Although, Pokorska et al. (2012) do not directly provide any information on bioconcentration factors, they do indicate that the mean lithium concentrations in muscles, kidney and liver of flounder obtained from the South Baltic sea are 0.017 ± 0.007 mg/kg wwt, 0.044 ± <0.001 mg/kg wwt and 0.010 ± 0.009 mg/kg wwt, respectively. The concentrations in Baltic herring were determined to be 0.010 ± 0.010 mg/kg wwt for muscles and 0.015 ± <0.001 mg/kg wwt for liver, though the concentration in the kidneys was not determined. The concentration of lithium in flounder and herring was determined in a non-GLP-compliant, non-guideline study, published in a peer-reviewed journal. Flounder and herring (twenty of each species) were collected from the southern Baltic Sea, the muscles, liver and kidneys digested separately and the lithium content determined by ICP-AES. There are limitations in design and/or reporting, but the study is otherwise considered adequate for assessment. Using a lithium concentration in seawater of 170 to 190 µg/L (Aral and Vecchio-Sadus 2008), the bioconcentration factors were all calculated to be below 1.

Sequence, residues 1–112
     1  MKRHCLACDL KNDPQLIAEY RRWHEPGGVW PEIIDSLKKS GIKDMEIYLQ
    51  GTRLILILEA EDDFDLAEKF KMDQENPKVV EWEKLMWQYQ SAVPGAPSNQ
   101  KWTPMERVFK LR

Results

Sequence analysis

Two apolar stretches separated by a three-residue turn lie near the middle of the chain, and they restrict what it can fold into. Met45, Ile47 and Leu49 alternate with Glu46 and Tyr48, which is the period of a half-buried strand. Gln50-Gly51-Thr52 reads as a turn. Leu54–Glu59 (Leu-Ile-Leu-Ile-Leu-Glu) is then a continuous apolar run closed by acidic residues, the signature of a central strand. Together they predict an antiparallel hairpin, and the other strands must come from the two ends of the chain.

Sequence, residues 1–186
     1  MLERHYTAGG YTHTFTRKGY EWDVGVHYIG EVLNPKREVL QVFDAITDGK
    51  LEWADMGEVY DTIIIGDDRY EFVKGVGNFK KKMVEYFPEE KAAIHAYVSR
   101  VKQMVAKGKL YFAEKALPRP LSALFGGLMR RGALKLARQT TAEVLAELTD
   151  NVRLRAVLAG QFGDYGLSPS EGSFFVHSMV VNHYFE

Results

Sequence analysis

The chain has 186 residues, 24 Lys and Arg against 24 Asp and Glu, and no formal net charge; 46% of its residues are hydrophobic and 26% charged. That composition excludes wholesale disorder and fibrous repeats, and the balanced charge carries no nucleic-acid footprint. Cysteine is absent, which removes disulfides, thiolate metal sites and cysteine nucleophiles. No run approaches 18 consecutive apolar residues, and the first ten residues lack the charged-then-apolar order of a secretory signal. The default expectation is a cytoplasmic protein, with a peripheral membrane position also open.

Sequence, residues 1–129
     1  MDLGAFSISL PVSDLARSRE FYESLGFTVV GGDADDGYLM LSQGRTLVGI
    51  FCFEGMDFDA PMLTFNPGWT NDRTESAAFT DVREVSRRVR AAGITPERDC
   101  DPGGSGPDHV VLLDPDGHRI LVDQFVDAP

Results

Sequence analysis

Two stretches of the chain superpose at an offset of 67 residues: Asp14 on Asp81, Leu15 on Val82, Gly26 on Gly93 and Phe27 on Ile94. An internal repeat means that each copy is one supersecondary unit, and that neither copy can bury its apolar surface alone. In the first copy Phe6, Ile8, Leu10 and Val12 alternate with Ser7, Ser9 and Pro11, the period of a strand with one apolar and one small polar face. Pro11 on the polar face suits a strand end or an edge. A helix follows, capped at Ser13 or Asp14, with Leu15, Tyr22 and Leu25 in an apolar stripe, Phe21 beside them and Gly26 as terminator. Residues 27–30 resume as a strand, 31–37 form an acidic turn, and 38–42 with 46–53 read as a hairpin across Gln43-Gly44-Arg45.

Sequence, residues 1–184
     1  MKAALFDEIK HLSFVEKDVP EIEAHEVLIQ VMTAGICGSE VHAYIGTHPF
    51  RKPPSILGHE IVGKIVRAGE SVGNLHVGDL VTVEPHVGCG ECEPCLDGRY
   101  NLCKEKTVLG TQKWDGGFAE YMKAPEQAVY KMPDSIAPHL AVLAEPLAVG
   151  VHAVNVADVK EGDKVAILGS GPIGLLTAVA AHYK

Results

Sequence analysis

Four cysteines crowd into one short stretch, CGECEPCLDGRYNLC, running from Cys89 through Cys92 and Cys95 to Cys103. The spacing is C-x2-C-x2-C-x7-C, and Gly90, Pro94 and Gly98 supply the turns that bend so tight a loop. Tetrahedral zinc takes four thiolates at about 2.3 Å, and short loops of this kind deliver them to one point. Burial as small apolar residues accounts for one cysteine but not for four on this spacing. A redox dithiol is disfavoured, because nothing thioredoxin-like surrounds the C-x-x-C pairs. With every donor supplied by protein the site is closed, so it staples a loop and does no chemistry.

The bioaccumulation of lithium in largemouth yellowfish and their parasitic worms was determined in a non-GLP-compliant, non-guideline study, published in a peer-reviewed journal (Retief 2009). Twenty largemouth yellowfish (Labeobarbus kimberleyensis), along with water and sediment samples, were collected from Vaal Dam, South Africa. The muscle, spinal cord, liver and intestinal parasites were digested separately and the lithium concentration in each of the samples was determined by ICP-MS. No significant difference was observed when the lithium concentrations in water and sediment were compared to the liver, muscle, spinal cord of largemouth yellowfish (Labeobarbus kimberleyensis) and tapeworms (Bothriocephalus acheilognathi), indicating that lithium is not bioaccumulated. There are limitations in design and/or reporting, but the study is otherwise considered adequate for assessment.